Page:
A hernia, which occurs when an organ or tissue bulges through a weak spot in the surrounding tissue, is a common medical problem affecting more than 1 million Americans each year according to the Food and Drug Administration. Although many hernias resolve with watchful waiting, others require surgical intervention.

Surgical mesh used to repair hernias increases the risk of complications. If you or a loved one has had hernia surgery with mesh, know the signs of failure so that you can seek immediate medical attention.

What complications can surgical mesh cause?

Surgical mesh may lead to infection and recurrence of the hernia. Your body may also reject the mesh.

Recalled mesh designs can cause life-threatening issues such as bowel obstruction and perforation. Some patients experience adhesion, in which tissues become fused together with scar tissue. Because issues may not arise until years later, you may not be aware that your surgery involved recalled mesh.

What are the signs of mesh-related complications?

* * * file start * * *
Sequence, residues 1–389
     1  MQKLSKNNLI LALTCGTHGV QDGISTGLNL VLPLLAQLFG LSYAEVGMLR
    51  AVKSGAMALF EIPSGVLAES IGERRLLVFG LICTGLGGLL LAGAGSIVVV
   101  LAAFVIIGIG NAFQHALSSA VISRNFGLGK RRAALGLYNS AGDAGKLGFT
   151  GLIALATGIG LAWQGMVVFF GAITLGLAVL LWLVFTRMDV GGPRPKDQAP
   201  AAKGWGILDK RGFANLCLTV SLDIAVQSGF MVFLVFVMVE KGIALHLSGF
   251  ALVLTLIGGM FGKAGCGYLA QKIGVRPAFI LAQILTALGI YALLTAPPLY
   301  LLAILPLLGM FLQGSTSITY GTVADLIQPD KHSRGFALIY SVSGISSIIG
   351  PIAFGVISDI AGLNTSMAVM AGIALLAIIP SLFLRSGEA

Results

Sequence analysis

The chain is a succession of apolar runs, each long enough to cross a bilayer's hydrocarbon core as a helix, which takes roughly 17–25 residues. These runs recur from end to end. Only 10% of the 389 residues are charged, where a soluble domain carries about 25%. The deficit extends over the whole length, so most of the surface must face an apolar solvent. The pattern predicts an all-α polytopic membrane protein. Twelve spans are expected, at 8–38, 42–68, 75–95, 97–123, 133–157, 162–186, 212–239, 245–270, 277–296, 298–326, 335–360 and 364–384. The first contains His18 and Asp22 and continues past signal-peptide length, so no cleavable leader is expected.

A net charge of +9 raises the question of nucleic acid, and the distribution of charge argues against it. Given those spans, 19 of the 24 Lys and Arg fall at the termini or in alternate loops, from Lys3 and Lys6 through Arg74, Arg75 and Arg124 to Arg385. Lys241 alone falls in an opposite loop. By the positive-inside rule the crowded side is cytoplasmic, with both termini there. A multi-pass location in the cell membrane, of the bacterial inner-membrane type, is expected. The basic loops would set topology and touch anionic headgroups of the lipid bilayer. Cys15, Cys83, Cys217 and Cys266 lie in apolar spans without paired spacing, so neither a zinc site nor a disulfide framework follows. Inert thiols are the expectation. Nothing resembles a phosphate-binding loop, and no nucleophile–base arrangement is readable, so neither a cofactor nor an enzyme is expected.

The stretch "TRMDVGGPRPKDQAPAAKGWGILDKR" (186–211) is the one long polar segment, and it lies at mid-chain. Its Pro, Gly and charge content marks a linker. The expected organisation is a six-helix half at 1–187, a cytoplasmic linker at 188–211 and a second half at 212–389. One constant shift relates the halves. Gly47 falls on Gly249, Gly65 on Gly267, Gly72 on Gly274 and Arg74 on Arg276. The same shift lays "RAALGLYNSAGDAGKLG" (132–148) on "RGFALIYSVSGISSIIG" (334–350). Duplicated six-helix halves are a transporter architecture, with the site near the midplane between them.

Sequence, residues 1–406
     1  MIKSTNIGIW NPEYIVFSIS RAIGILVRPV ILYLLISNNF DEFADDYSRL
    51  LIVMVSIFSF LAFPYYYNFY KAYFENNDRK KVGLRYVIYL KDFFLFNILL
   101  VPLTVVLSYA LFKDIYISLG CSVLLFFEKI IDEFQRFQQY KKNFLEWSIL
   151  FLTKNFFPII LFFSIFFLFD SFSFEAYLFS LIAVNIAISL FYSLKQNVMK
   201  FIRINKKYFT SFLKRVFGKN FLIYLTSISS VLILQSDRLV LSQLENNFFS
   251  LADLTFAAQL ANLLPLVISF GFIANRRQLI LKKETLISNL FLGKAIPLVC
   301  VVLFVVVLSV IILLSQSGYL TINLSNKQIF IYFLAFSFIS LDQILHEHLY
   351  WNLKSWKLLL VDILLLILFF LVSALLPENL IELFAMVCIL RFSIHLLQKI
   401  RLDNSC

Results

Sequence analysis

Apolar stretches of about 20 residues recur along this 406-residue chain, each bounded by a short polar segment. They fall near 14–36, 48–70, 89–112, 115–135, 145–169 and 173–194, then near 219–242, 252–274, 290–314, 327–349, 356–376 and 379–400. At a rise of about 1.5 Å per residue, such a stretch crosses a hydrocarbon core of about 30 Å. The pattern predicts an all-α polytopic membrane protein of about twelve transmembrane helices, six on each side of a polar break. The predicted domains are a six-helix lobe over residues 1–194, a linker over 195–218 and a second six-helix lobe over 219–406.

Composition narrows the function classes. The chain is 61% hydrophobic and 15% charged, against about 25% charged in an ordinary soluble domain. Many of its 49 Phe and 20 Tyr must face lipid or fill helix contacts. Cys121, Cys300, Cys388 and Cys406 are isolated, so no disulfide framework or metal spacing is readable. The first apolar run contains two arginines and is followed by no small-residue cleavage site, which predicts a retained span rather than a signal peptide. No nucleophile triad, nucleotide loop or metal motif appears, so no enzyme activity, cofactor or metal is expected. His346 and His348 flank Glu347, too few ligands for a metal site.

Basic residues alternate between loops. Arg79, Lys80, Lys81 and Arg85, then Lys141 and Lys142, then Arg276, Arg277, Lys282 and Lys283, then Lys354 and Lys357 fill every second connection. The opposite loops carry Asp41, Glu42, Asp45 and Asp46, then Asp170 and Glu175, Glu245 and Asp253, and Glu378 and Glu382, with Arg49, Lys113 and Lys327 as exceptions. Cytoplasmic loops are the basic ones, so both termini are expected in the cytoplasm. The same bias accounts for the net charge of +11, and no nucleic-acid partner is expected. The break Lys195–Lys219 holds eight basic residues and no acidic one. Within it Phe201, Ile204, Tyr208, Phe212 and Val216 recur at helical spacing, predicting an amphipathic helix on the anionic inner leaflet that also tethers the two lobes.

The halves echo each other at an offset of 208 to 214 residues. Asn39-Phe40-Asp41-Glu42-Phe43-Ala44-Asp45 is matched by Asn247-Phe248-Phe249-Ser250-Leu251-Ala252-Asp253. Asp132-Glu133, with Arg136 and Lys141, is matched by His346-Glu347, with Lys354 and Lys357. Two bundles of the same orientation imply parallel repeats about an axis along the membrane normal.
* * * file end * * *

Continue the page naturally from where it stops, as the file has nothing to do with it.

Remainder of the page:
The specific symptoms of mesh issues vary by complication. Most complications result in severe pain. Chronic infection causes high fever and flu-like symptoms. If your body rejects the mesh, swelling and redness develop at the surgical site.

Pieces of mesh can break free and migrate to other organs and tissues. This may cause bleeding, pain, flu-like symptoms, blood in the urine or redness and other signs of infection at the affected site.

Bowel obstruction causes the inability to pass gas or stool along with vomiting and nausea. You may experience a feeling of stiffness or rigidity in the abdomen.

How are complications treated?

Most patients who experience complications require a second surgery to remove the mesh and repair any damage. Adhesion and bowel obstructions also require surgical intervention.

Go to the hospital if you have signs of a hernia mesh issue, even if your surgery was some time ago. Be sure to tell the doctor who treats you about your hernia mesh surgery. Left untreated, these issues can lead to dangerous infection and septic shock.